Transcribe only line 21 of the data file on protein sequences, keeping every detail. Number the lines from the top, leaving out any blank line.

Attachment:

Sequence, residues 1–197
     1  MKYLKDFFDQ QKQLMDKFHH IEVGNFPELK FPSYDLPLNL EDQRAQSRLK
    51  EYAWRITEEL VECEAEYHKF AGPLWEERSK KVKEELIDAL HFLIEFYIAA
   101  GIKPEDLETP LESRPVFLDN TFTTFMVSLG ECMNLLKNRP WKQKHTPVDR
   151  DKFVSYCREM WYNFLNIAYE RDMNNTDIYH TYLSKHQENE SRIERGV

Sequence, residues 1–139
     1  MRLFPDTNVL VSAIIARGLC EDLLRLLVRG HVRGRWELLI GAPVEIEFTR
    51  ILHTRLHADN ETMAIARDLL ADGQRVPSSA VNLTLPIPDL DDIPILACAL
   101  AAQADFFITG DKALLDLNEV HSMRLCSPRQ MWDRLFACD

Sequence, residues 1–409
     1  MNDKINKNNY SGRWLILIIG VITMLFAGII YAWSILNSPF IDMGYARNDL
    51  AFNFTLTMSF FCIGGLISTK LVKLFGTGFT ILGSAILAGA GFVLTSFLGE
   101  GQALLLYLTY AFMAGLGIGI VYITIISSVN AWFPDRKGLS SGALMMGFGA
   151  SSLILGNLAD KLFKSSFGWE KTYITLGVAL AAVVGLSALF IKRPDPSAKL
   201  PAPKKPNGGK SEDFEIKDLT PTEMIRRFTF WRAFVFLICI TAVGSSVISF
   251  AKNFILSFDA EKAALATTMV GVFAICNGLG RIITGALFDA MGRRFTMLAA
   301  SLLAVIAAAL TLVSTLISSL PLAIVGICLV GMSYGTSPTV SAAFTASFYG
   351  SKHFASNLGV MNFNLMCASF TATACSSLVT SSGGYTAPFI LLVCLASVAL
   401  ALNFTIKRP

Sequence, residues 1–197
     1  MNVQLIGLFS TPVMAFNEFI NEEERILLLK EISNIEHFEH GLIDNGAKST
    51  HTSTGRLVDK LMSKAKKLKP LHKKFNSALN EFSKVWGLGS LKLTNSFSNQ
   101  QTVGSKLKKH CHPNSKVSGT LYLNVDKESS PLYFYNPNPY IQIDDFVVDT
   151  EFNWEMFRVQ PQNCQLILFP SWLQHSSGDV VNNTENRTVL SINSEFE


     1  MNVQLIGLFS TPVMAFNEFI NEEERILLLK EISNIEHFEH GLIDNGAKST